The Nudnik File

Nudnik - n. U.S. colloq. Esp. in Jewish usage: a pestering, nagging, or irritating person

Friday, April 08, 2005

              Arab Development
A few days ago, the UN released the latest Arab Human Development Report. As would be expected, these Arab intellectuals placed a large measure of blame for the lack of freedom and democracy in the Arab world on Israel and the United States, showing that the idea of actually looking inward and analyzing their problems has not yet fully taken hold. The US and Israel dismissed this analysis as "misguided". Yet, as Caroline Glick shows, despite the dismissal of these Arab claims, the policies of the US and Israel vis-a-vis the Arab-Israeli conflict are based on very similar logic.
The view among American policymakers and Israeli Foreign Ministry types, both egged on by their ideological bedfellows in Europe and the international Left is based on two presumptions. The first is that the Palestinian conflict with Israel is the cause of the Arab conflict with Israel. The second is that the Palestinians are weak and the Israelis are strong and that the way to solve the conflict is to strengthen the Palestinians and weaken Israel.

The second presumption is what leads both Israeli and American foreign policy elites to advocate Israeli surrender of land and rights to the Palestinians and to support Palestinian acquisition of arms, money and sovereignty.

The first presumption is what leads both Israel and the US to ignore the direct dependence of the Palestinian conflict with Israel on outside support by Arab League member states led by Egypt. Egypt, like the rest of the Arab world has never accepted Israel's inherent right to exist as a Jewish state in the Levant. Yet over the years, the rhetorical focus shifted from overt calls for Israel's destruction through war to overt calls for Israel's destruction through the establishment of a Palestinian state and unlimited immigration of millions of foreign born Arabs to Israel. These calls are obfuscated to a degree by a public fixation on the perceived weakness and actual misery of the 2.3 million Palestinians in Judea, Samaria and Gaza – both of which are blamed on Israel.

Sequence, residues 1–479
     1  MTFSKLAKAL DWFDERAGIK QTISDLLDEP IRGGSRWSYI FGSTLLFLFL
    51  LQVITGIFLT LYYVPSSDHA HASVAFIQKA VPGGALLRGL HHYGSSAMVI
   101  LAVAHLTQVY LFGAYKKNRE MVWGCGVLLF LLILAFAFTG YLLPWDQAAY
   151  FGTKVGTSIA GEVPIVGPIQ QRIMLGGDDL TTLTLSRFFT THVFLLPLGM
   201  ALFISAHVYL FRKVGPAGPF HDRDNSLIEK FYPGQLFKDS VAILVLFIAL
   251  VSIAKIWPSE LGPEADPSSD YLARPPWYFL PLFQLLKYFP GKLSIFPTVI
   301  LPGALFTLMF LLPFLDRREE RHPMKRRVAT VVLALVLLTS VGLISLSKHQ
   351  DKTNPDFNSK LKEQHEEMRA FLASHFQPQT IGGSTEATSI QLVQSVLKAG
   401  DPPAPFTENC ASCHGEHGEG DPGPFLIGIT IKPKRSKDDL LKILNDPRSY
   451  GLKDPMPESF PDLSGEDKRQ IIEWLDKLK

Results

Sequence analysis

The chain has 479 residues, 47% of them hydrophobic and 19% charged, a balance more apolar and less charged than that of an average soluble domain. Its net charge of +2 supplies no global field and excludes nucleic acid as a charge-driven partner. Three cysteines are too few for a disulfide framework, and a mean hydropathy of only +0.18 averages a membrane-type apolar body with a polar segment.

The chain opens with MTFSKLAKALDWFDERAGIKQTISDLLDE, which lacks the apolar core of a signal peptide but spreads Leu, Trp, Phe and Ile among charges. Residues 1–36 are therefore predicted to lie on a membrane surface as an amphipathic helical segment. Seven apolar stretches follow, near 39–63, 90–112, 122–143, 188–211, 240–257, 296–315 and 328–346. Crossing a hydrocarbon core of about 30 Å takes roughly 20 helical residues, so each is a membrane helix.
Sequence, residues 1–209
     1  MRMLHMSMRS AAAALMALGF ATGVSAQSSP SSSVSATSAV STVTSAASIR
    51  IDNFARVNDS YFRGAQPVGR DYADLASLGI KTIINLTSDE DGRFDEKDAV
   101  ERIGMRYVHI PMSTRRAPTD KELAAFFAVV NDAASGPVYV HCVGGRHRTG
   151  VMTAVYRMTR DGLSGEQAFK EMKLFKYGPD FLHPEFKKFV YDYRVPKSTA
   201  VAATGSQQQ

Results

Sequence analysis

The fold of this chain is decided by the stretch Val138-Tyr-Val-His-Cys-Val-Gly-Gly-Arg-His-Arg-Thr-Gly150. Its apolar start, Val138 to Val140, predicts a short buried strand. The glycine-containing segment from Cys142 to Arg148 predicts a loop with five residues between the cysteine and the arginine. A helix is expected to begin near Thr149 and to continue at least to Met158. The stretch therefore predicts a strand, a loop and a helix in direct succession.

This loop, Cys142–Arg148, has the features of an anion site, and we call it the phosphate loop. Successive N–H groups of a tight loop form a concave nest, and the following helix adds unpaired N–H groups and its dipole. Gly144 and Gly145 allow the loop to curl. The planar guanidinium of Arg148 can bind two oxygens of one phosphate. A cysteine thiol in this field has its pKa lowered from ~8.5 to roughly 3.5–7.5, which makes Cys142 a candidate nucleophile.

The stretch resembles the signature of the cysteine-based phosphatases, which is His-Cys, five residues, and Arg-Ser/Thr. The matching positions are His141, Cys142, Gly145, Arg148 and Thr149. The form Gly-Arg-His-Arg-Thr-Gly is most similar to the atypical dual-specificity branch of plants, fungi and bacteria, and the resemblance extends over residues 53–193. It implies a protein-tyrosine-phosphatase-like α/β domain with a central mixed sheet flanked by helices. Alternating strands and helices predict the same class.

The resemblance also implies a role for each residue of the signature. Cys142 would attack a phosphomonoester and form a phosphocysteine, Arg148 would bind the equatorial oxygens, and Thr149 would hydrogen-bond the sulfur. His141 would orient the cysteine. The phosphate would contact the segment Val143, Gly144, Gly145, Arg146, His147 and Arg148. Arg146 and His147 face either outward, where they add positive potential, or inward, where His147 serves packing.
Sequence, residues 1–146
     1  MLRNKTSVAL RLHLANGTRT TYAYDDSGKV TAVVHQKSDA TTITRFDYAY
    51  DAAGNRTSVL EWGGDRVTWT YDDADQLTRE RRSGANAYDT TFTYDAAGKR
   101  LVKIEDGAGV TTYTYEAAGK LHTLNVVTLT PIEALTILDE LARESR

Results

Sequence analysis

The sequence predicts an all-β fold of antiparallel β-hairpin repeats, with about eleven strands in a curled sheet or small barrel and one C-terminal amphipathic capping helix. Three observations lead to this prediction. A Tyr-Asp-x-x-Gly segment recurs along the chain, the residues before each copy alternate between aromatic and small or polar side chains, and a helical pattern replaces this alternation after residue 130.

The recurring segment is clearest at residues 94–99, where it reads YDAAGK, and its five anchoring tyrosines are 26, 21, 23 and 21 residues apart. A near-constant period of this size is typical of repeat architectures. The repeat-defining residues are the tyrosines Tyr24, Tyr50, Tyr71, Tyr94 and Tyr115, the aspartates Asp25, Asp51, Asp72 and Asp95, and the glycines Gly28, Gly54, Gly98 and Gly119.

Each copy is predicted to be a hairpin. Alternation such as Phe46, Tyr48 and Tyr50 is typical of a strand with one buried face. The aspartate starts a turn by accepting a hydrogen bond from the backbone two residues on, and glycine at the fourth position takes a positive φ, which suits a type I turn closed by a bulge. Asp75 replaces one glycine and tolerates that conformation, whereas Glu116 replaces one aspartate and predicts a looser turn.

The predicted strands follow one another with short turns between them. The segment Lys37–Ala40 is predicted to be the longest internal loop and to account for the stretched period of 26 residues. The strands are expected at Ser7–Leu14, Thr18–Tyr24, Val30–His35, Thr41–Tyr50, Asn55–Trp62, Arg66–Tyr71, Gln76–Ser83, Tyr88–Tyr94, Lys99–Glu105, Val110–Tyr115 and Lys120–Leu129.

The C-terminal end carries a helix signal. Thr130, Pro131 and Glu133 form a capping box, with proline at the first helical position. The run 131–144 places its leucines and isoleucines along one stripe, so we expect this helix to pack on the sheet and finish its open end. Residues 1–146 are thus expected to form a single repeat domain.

Daniel Pipes and others have long asserted that defining the Arab-Israeli conflict as an issue of Palestinians and a Palestinian state is wrong. The idea that a settlement between Israel and the Palestinians will lead to Arab rapprochement with Israel, is exactly backwards. The Arab-Israeli conflict can only end once Arab states fully accept Israel as a Jewish state in the Middle East. And for this to happen there will need to be a complete political and societal change in the Arab world. When Arab tyrants are no longer around to direct the frustration of their own people onto Israel and the United States, and instead to look critically at their own societies and come up with solutions to their own problems, only then will peace be possible in the Middle East. President Bush has embraced this concept and his policies of spreading democracy reflect that. The Arab world is tentatively wading into this democratic stream. Unfortunately, Europe's continued reliance on the policies of the past are giving Arab tyrants hope that they can outlast Bush and avoid the long necessary reforms.
|| Nudnik 12:18 PM
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